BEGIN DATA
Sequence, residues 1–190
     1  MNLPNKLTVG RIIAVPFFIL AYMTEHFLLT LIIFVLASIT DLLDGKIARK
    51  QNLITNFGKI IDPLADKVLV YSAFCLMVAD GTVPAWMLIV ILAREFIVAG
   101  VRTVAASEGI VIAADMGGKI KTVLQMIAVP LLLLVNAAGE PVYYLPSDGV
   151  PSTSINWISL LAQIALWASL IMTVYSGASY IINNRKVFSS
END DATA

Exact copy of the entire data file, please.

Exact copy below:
Sequence, residues 1–190
     1  MNLPNKLTVG RIIAVPFFIL AYMTEHFLLT LIIFVLASIT DLLDGKIARK
    51  QNLITNFGKI IDPLADKVLV YSAFCLMVAD GTVPAWMLIV ILAREFIVAG
   101  VRTVAASEGI VIAADMGGKI KTVLQMIAVP LLLLVNAAGE PVYYLPSDGV
   151  PSTSINWISL LAQIALWASL IMTVYSGASY IINNRKVFSS